Climate change – COP21 – World Summit Climate Territories – Speech by MrLaurent Fabius, Minister of Foreign Affairs and International Development (Lyon, 2 July 2015) [fr]
Local government officials from around the world,
Ladies and gentlemen,
I would have liked to be speaking before you in person today. Unfortunately, the Iranian nuclear negotiations have called me to Vienna, Austria. I can, therefore, communicate with you only through this video message, during your summit dedicated to the commitment of local government to climate action.
I just returned from New York, where the President of the United Nations General Assembly organized an event on climate change with all 195countries. The message is clear: international mobilization is getting stronger, which is great, but global warming itself is also accelerating and we need to step up action against climate change. Last year, 2014, was the warmest on record, and 2015 may be even hotter. And the weather at the moment isn’t going to bring down the year’s averages, far from it!
We know we need to limit global warming to within 1.5 or 2C. if temperatures rise further – by 3, 4 or even 5°C – then the effects on the planet and on each of our territories will be dramatic. Not only for the climate, but also for public health, development, security and peace. No world region could escape the consequences of our inaction.
Five months ahead of COP21, which I will have the responsibility of presiding over, what have we achieved? There have been several positive developments. A consensus has been reached between the countries on the need to reach a universal, ambitious agreement in Paris. Major carbon dioxide emitters – such as the USA and China, which yesterday submitted its contribution during Prime Minister Li Keqiang’s visit to France – have made commitments. Moreover, many businesses, financial stakeholders and local governments – as shown by your meeting in Lyon – have become aware. I have also noted – most importantly – the support of the scientific community and the highest spiritual and moral authorities and the leadership of a number of eminent leaders, like the United Nations Secretary General. Lastly, you and I have all noticed the support of public opinion, and particularly young people and civil society and its organizations. All that is welcome and bodes well for a historic climate agreement in Paris this December.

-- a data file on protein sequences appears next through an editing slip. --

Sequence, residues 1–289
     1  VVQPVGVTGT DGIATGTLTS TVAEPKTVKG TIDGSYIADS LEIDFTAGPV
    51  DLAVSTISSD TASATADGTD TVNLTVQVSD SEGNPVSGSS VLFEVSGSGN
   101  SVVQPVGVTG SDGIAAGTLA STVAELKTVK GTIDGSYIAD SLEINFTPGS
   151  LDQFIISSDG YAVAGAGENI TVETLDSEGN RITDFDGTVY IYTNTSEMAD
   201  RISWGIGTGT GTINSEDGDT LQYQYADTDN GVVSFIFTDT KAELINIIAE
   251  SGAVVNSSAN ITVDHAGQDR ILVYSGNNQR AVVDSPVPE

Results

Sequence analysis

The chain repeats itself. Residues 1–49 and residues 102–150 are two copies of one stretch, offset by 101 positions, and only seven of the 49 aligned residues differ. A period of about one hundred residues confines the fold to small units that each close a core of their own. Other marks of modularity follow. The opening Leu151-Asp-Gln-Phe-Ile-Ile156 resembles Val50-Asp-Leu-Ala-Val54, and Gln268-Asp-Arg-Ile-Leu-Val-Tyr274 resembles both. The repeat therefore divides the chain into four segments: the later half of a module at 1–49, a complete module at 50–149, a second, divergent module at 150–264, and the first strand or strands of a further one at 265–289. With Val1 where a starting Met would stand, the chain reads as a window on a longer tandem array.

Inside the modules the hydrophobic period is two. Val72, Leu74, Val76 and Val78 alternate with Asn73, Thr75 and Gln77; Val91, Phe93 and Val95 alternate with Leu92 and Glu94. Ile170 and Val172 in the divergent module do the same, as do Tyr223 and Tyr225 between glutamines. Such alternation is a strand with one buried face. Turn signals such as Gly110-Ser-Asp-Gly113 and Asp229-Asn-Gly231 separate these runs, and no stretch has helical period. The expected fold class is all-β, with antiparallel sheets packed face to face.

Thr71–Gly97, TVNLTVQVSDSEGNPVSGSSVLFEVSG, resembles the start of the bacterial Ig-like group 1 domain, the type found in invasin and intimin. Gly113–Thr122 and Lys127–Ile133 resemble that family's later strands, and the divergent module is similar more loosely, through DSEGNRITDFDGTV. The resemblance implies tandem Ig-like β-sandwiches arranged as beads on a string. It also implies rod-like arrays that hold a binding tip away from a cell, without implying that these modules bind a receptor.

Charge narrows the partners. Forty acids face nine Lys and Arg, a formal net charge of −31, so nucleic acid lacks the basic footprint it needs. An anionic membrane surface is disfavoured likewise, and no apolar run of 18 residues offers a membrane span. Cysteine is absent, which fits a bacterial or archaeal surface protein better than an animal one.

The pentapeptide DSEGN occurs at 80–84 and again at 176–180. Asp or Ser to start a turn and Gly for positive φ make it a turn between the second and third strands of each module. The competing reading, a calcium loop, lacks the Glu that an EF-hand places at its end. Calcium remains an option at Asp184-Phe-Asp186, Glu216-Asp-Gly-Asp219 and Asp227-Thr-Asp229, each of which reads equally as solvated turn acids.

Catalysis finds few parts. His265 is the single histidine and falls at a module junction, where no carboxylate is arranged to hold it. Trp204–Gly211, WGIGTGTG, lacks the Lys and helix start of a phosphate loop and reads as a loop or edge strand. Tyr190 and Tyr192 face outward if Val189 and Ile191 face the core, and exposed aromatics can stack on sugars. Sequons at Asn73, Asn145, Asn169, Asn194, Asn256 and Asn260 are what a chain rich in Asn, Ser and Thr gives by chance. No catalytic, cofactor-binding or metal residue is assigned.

However, we are clear-headed. We know how extremely complex the task is and the work still to be done in such a short time. We know there are barriers to overcome. We therefore need to transform all the good will – which is already won – into a good agreement, which remains to be achieved.
At least two major innovations are planned for COP21 compared with previous ones. One concerns national mobilization. All countries have committed to presenting Intended Nationally Determined Contributions (INDCs) that set down targets to limit their emissions. That is a first in international climate negotiations, and an extremely valuable lever, even if some commitments can appear disappointing or have not yet been published. To date, 54% of emissions have already been covered.
The countries’ efforts are essential, but not enough alone. They need to be supported by a mobilization of non-governmental stakeholders. That is the raison d’être of the second innovation: in Paris, we want to gather commitments and concrete climate initiatives from all those non-state actors. This is what we call the “Agenda of Solutions”.
In this respect, the climate mobilization of towns, regions, and territories – yours – is absolutely essential. It is not an option. It is an obligation. Through your commitments, you have first and foremost the power to encourage governments to set more ambitious targets and increase our chances of remaining below the 2°C limit.
Through your commitments, you can decide yourselves and encourage your citizens to adopt “zero carbon” habits in their daily lives. With environmentally friendly transport, solar-powered buildings and waste recovery, for example, you hold major keys to the solution.
Your commitments – having led local government bodies myself, I know this – take a number of forms.